You want a mediator who has great communication skills, including the ability to listen – a likable and relatable individual with a good reputation. If, for example, you are going to compare the experiences of two parties – one party that had a mediator who had all the right subject-matter experience but lesser interpersonal mediation skills, and another party that had a mediator with a bit less subject-matter experience but amazing interpersonal skills – I think you're going to find that the party that selected the second mediator, the one with the better negotiating and mediating skills, will end up having the better experience. Now, of course, I'm not suggesting that you use someone who's not familiar with the subject matter at all, or that it's not an important consideration, because it is–but I am suggesting that you look for someone whose people skills – their negotiation and mediation skills – are really top-notch.
So, in my opinion, the perfect choice is someone who is the whole package… has the subject matter knowledge and is personable as well as a great communicator; and who has a good reputation and is known for their settlement skills and abilities. That's what we look for at NAM so that we can provide our clients with the highest quality neutrals in the ADR industry.
As a leader in the ADR field, NAM invests significant resources in recruiting experienced neutrals and in maintaining state-of-the-art technology. How else does NAM strive to stand out in the ADR community?
Earlier I mentioned that the size and complexity of the cases that go to mediation and arbitration has grown throughout the years. The increase in the sophistication of the cases goes hand in hand with an increase in the sophistication of NAM itself, as a company. Our administrative staff and case managers are trained to understand the differences in these case types, the various rules and procedures and nuances that are involved in administrating different types of cases. We have highly knowledgeable and experienced case managers assigned to the various departments, as well as to the different programs and initiatives that we administrate, in order to ensure that we provide our clients with top-level customer service when administrating their cases.
NAM also excels at creating and designing ADR programs and initiatives. If it's an industry-specific program, it's not uncommon for us to design an entire set of rules and procedures and documents specific to that initiative. Candidly, we believe that we are unique in this regard. In fact, there are several industries where we have established the rules, procedures, guidelines, and administrative caseflow in its entirety. This is mission critical for industries that are considering the implementation of an ADR process or for a company looking to create an ADR program. The administrative services that NAM provides far exceed just scheduling hearings and creating calendars.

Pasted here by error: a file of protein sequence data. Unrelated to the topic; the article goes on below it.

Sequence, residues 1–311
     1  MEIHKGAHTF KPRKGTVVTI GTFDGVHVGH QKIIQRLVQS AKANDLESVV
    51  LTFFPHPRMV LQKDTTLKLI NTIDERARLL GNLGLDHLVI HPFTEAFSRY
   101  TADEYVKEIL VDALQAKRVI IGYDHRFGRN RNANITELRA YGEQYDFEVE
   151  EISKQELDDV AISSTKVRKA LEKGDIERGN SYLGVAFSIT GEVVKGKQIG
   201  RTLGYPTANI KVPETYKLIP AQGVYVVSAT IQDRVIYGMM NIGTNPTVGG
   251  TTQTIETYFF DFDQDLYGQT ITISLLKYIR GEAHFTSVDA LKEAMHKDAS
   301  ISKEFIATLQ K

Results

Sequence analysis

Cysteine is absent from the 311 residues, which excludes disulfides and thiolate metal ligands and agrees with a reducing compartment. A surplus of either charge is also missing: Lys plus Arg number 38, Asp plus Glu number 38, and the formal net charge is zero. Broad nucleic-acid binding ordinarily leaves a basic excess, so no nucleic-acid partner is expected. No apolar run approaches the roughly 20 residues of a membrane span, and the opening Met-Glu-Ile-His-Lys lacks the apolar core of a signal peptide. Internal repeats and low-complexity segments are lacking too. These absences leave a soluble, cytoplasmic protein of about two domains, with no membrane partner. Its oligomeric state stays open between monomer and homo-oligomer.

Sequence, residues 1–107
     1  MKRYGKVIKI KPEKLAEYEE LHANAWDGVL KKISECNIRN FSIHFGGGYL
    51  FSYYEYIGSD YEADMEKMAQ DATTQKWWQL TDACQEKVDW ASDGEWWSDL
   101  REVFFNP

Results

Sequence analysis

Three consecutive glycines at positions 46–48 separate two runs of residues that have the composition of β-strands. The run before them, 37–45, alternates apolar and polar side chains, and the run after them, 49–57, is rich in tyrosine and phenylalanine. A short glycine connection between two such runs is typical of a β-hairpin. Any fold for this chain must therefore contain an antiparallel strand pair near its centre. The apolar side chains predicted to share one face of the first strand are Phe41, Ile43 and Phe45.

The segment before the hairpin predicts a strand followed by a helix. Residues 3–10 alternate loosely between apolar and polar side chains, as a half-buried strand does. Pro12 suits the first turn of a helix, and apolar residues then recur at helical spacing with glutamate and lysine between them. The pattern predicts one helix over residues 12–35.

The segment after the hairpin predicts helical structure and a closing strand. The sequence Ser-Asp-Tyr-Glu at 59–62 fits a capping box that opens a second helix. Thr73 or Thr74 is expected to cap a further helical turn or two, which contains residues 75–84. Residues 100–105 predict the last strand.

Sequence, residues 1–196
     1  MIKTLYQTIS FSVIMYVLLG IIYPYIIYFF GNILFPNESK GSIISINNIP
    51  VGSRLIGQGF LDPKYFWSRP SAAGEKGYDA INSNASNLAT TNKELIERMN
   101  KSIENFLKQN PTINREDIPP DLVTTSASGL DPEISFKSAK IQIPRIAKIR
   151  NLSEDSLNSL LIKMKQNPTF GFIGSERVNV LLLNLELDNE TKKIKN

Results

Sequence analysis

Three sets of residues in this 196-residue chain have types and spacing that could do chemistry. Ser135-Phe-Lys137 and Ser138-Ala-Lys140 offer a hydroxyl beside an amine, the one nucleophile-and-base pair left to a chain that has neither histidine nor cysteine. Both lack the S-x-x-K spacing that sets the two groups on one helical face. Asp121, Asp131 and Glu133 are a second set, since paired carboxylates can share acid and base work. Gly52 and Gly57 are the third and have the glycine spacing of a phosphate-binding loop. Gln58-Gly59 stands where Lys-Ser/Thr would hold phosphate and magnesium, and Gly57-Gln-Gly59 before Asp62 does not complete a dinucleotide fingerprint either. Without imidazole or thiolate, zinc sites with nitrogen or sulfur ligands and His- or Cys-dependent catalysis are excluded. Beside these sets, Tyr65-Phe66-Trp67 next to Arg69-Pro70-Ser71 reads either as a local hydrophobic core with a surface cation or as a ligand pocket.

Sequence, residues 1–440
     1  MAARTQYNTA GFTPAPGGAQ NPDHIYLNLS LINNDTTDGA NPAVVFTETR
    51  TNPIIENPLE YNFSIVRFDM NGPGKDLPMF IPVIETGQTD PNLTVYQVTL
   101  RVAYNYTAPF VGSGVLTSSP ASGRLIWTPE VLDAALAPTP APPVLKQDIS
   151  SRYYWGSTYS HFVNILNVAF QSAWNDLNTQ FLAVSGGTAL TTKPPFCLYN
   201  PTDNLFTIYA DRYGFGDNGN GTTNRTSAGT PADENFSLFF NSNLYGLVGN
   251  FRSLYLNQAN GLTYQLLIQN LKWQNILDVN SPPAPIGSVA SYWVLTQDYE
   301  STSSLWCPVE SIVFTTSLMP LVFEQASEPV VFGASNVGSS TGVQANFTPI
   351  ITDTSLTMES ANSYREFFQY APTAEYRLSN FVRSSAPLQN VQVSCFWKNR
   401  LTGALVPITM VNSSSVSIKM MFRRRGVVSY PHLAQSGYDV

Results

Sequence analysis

We really focus on making sure that the user experience is very positive. .From our inception 30 years ago, almost 100% of our clients that start using NAM's services continue to use our services to this day. One of the core beliefs at NAM is that if you entrust us with your case, your experience with us should be a positive one. It's extremely important to us.
NAM is one of the largest ADR companies in the United States, and it maintains a global roster, including a nationwide panel of more than 2,600 top-tier neutrals that comprises judges and other legal professionals. What kinds of matters do you see trending in your organization's workload?
We have been fortunate enough to experience growth in many areas over the years, but in the commercial space, especially recently, there seems to be an uptick in contract and business-relationship disputes. Insurance coverage disputes is yet another fast-growing area. And when it comes to employment matters, the number of employment disputes continues to increase throughout the United States and internationally.
Where do you see ADR heading post-pandemic?
I think that the pandemic has definitely accelerated the growth and adoption of ADR. With the court closures and backlogs, there has been a greater need to resolve disputes another way, so there has been an increase in the use of ADR.
Parties that were new to ADR have now experienced its benefits, including the cost-effectiveness, the high quality of the neutrals, and the state-of-the-art facilities and technology that are available. So, they will likely come back. And existing clients, who were already familiar with ADR are going to continue to return too, because they've always had a positive experience and they know the benefits of ADR. So, post-pandemic, we're going to have a larger user base than we did before and I believe that parties will continue to use ADR because of its inherent advantages. The core benefits of ADR were present before the pandemic, they've helped companies resolve disputes during the pandemic, and I'm certain that the use of ADR is just going to continue to grow afterward too.